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OSHA Investigating Yale Lab Death
by Gwyneth K. Shaw | Apr 13, 2011 3:24 pm
(Updated) The federal Occupational Safety and Health Administration is investigating the chemistry lab where Yale senior Michele Dufault died Tuesday night, an agency spokesman said Wednesday.
OSHA spokesman Ted Fitzgerald said the agency will look at whether there were safety or health rules broken. In an email to the campus Wednesday morning, Linda Koch Lorimer, Yale’s vice president and secretary, said Dufault had been killed in “what appears to have been a terrible accident involving a piece of equipment in the student machine shop in Sterling Chemistry Laboratory.”
Dufault was a senior in Saybrook College.
Fitzgerald said that OSHA officials were initially unsure whether the agency has jurisdiction over the Yale lab, since Dufault was a student, not a paid employee. But OSHA has determined that it can launch an investigation, since the lab does employ technicians and faculty members also work there.
OSHA inspectors would be at the lab beginning Wednesday, Fitzgerald said. While he couldn’t discuss the specifics of the case, a typical OSHA investigation of an accident—particularly a death—involves a combination of on-site inspections and a review of documents and records. These investigations must be wrapped up within six months, he said.
If OSHA finds violations, the agency could cite Yale, and potentially fine the university.
According to the chemistry department’s website, access to the “state-of-the-art” machine shop is “strictly limited to those who have completed the shop course.”
In an email Wednesday, Yale President Rick Levin said he is conducting his own review of safety protocols.
“I have initiated a thorough review of the safety policies and practices of laboratories, machine shops, and other facilities with power equipment that is accessed and operated by undergraduates. This includes arts as well as science facilities.”
Steven Girvin, Deputy Provost for Science and Technology, will head up the review, Levin said. “Until the review is completed, Yale College will limit undergraduate access to facilities with power equipment to hours that will be specified by the end of the week; monitors will be present at these times in all such locations.”
Levin filled in a few more details about Dufault’s death.
“Last night, Michele’s hair got caught in a lathe as she worked on a project in the student machine shop in the Sterling Chemistry Laboratory,” Levin wrote. “Her body was found by other students who had been working in the building. They called the police, who responded immediately.”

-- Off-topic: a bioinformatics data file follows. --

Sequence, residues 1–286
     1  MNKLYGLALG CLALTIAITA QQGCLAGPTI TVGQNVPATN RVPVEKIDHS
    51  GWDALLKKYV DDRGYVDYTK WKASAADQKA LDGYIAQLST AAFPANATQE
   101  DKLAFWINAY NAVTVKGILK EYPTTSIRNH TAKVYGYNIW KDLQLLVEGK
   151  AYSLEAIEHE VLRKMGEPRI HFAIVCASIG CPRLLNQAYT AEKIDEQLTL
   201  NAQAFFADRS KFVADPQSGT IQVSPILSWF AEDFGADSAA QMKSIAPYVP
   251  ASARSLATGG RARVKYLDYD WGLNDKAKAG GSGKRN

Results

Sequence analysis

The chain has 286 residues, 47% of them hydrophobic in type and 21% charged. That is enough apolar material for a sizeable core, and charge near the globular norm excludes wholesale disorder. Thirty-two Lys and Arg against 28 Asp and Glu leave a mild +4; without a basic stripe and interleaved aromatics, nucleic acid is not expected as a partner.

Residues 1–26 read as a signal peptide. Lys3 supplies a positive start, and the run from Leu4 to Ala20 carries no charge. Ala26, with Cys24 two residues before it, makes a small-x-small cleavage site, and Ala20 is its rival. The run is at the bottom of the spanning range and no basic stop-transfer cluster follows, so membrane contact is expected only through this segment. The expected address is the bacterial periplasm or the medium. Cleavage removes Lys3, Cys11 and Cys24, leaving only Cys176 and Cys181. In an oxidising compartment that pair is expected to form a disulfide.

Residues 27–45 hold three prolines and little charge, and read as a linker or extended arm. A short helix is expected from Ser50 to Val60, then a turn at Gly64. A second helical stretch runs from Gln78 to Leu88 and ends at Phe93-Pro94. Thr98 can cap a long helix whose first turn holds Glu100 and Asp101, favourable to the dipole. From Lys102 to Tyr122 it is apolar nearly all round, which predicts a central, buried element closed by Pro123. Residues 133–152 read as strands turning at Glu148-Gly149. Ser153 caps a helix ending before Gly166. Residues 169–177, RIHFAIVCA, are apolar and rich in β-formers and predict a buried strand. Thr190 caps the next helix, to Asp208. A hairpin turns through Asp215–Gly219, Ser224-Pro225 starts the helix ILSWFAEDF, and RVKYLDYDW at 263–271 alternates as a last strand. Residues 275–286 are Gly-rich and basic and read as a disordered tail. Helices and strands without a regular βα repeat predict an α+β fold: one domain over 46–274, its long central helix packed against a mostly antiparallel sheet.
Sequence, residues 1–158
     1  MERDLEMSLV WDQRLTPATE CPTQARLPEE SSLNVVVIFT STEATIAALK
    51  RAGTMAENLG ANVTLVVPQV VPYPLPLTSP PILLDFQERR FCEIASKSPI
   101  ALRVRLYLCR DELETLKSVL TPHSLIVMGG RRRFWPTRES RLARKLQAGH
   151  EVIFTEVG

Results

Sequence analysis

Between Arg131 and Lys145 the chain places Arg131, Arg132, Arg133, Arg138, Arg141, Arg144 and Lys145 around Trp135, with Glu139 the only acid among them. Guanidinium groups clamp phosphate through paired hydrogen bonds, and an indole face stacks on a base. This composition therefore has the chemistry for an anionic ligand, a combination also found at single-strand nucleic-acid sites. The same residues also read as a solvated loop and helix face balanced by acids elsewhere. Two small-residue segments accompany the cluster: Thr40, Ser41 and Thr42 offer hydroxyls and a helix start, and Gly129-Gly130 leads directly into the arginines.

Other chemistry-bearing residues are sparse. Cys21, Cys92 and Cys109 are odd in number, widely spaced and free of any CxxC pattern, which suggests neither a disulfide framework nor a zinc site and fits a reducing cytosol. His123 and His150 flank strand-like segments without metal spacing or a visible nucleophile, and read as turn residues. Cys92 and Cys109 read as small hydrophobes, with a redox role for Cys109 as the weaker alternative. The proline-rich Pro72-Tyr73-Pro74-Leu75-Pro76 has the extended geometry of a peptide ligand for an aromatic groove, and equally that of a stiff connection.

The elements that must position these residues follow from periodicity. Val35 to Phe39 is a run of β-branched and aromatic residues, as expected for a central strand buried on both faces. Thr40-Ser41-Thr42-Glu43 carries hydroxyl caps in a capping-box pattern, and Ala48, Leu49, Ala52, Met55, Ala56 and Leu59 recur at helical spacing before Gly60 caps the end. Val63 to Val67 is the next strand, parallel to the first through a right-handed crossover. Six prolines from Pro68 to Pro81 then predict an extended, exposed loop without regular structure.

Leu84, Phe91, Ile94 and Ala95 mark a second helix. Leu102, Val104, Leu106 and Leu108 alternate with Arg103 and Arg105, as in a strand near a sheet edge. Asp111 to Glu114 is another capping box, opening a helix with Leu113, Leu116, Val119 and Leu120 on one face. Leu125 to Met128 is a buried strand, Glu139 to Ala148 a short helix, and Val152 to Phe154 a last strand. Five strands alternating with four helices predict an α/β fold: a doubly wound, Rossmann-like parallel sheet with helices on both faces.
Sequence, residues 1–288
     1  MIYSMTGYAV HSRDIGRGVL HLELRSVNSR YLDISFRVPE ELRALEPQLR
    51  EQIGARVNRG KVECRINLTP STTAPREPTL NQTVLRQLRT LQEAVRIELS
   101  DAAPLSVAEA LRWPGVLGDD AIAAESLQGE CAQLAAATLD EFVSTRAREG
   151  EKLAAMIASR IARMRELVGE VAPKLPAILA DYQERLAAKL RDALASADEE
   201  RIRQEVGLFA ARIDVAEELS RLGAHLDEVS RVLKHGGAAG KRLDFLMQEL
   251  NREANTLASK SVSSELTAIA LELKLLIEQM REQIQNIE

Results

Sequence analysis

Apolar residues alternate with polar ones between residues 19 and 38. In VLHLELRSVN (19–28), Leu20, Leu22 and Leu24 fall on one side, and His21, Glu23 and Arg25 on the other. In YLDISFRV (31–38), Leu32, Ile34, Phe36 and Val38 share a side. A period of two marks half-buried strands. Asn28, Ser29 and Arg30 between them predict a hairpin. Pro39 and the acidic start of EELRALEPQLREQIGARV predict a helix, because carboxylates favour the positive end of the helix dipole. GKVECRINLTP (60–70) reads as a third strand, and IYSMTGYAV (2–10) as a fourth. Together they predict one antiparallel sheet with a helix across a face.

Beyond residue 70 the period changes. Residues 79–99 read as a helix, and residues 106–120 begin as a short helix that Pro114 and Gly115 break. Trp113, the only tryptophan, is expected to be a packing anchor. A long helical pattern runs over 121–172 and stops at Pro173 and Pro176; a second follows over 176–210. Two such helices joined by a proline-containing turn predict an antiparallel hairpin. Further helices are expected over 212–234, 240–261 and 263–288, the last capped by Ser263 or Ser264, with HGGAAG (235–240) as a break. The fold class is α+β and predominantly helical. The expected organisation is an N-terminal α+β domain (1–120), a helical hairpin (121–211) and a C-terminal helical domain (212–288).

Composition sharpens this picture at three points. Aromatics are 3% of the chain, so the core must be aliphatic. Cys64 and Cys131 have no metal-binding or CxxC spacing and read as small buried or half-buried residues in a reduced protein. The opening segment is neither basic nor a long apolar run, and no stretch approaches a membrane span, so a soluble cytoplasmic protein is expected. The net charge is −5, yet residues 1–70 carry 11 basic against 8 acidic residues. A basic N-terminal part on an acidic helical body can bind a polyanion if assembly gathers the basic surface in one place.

Dufault was pursuing a B.S. in astronomy and physics, according to Levin. “She also had keen interest in oceanography and was intending to undertake work in that field after graduation. She was an enthusiastic saxophonist in the Yale Band, and a widely admired member of the Saybrook College community.”
The state medical examiner told the New Haven Register that the cause of death was asphyxiation.
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This is a very sad occurrence and my condolences go out to her family.
Having worked in a machine shop for 44 years, I was always aware of the dangers around heavy machinery. The wearing of eye protection and proper shoes was especially essential. Also, in the case of women or men with long hair, it had to be tied up with a hairnet or hat. I am not sure what protocol was used at Yale. Since OSHA overseas mostly commercial operations, there must be a state agency that should regulate safety procedures at any school where students are concerned. I would think that Yale, being a major university, would have it’s own safety standards organization.
It is standard practice in many machine shops, that there must be at least two people in a machining area, in case of an emergency. Unfortunately, many companies do not enforce the rules.
@Robert Kowalski : Those are the very thoughts that crossed my mind. She should not have been working alone (or with her hair unpinned) at any time, and that seems to be the case here and unfortunately the outcome is tragic.
they will be investigating. They are making a special exception because the machine shop employs people who actually work there. Technicality - Thank Heaven.
But now they are putting the ‘blame’ on the girl saying she attented a safety class.
She is about 22 - does anyone remember when they were around that age. The need watching whether they think they don’t or not. We are the experienced ones and they should be protected - even in school - after all the are still - inexperienced.